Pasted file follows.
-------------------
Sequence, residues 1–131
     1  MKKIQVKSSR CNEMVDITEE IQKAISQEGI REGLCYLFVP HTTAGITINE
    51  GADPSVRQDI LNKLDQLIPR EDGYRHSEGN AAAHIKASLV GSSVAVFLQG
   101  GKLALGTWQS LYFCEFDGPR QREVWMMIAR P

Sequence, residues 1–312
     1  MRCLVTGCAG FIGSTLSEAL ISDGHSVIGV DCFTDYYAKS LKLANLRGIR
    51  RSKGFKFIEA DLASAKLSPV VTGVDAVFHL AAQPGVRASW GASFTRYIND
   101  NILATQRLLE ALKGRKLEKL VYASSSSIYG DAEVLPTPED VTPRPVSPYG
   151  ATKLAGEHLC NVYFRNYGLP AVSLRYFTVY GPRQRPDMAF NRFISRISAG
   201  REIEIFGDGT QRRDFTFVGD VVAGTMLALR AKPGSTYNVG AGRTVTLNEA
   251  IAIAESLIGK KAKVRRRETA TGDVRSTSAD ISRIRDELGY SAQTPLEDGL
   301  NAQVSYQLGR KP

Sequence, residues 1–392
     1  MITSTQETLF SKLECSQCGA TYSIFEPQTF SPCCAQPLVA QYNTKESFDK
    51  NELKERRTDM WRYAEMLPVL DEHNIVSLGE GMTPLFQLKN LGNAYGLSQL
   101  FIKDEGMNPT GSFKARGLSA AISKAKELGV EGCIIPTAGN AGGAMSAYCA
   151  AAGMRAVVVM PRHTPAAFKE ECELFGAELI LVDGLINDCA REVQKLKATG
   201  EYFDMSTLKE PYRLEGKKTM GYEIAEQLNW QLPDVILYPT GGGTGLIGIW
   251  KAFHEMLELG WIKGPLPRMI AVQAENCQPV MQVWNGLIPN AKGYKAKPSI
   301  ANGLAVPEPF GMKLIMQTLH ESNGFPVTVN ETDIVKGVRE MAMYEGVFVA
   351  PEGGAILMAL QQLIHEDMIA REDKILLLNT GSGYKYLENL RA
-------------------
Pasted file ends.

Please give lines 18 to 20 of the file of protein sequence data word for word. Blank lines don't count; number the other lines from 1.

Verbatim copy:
   201  EYFDMSTLKE PYRLEGKKTM GYEIAEQLNW QLPDVILYPT GGGTGLIGIW
   251  KAFHEMLELG WIKGPLPRMI AVQAENCQPV MQVWNGLIPN AKGYKAKPSI
   301  ANGLAVPEPF GMKLIMQTLH ESNGFPVTVN ETDIVKGVRE MAMYEGVFVA